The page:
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Workers express anger, gloom, elation on May Day
Question of the Day
MADRID (AP) — On the front lines of May Day protests this year, along with the traditional chants, banners and marches, a gamut of emotions flowed through the crowds.
Anger. Fear. Elation. Satisfaction. Despair.
With Europe’s unemployed denouncing austerity measures and Asia’s laborers demanding higher salaries, Tuesday’s May Day demonstrations were less a celebration of workers’ rights and more a venting of fury over spending cuts, tax hikes and soaring unemployment.
The protests came just days ahead of key elections in Greece and France, whose leaders have acutely felt popular anger over policies many feel are strangling any hopes of economic recovery. The rallies reflected deep pessimism in Spain, whose fragile economy is in the cross-hairs of the European debt crisis.
Yet optimism and national pride emerged too. Over 100,000 turned out in Russia for May Day rallies that celebrated Vladimir Putin’s government. And tens of thousands of workers rallied with joy in France, hoping this would be the last week of President Nicolas Sarkozy’s conservative leadership.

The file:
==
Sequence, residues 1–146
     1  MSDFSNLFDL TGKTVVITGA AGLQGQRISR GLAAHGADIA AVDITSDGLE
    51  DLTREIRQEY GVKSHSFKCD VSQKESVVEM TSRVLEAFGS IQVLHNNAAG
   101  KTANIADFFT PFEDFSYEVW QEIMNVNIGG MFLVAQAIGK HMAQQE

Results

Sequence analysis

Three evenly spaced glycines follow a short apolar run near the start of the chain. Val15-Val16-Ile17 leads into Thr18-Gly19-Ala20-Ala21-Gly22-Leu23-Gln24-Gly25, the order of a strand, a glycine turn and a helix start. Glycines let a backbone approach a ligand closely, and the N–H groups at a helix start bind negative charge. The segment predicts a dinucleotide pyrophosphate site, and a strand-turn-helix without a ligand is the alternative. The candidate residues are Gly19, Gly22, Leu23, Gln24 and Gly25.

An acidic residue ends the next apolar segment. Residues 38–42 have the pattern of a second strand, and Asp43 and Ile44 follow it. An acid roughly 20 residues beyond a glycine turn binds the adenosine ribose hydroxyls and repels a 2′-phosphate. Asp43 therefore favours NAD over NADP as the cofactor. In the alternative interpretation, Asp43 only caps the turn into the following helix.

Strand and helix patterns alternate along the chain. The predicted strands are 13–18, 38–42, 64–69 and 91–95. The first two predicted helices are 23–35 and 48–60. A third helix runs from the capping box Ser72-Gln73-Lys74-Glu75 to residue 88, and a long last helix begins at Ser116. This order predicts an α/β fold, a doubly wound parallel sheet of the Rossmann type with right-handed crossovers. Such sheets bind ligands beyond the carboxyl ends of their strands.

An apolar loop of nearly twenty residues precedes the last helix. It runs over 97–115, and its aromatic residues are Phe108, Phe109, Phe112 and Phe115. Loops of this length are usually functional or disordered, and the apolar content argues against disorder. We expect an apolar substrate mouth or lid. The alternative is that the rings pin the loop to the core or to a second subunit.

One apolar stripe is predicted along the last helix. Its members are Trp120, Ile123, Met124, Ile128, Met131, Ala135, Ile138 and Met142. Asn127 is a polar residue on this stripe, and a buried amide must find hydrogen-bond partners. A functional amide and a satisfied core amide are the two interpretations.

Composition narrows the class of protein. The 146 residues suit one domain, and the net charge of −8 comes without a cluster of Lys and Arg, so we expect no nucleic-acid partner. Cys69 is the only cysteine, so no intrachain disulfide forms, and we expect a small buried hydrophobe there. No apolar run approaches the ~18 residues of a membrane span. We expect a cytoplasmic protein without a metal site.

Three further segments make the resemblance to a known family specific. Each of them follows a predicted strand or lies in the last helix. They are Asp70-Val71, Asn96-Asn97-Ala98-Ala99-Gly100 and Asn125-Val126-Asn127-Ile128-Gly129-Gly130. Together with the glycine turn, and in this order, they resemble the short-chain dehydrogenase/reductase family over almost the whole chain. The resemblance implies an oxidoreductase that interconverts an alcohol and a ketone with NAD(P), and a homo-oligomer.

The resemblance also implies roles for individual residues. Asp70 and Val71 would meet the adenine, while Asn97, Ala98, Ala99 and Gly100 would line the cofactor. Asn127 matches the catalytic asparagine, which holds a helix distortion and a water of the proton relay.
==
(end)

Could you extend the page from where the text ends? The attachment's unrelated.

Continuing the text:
In the United States, demonstrations, strikes and acts of civil disobedience were planned, including the country’s most high-profile Occupy rallies since the anti-Wall Street encampments came down in the fall.
Under a gray Madrid sky that reflected the dark national mood, 25-year Adriana Jaime turned out to march. Jaime speaks three foreign languages and has a masters degree as a translator, but works for what she derided as peanuts in a university research project that has been cut from three years to three months due to a lack of funds.
She sees her future as grim at best.
“I am here because there is no future for the young people of this country,” she said as many marchers carried black-and-white placards with the word NO and a pair of red scissors.
Prime Minister Mariano Rajoy is trying desperately to cut a bloated deficit, restore investor confidence in Spain’s public finances, lower its 24.4 jobless rate, and fend off fears the country will join Greece, Ireland and Portugal in needing a bailout.
Despite his efforts, Ana Lopez, a 44-year-old civil servant, argued that the government is doing nothing to help workers and that the economic crisis is only benefiting banks.
“Money does not just disappear. It does not fly away. It just changes hands, and now it is with the banks,” Lopez said. “And the politicians are puppets of the banks.”
In France, tens of thousands of workers, leftists and union leaders marked May Day with glee, hoping that a presidential runoff vote Sunday will put a Socialist — Francois Hollande — at the helm for the first time since 1988. Many voters fear Sarkozy will erode France’s welfare and worker protections, and see him as too friendly with the rich.
“Sarkozy has allowed himself for too long to manhandle the lower classes,” said Dante Leonardi, a 24-year-old in Paris. “Today we must show … that we want him to leave.”
Hollande has promised high taxes on the rich.
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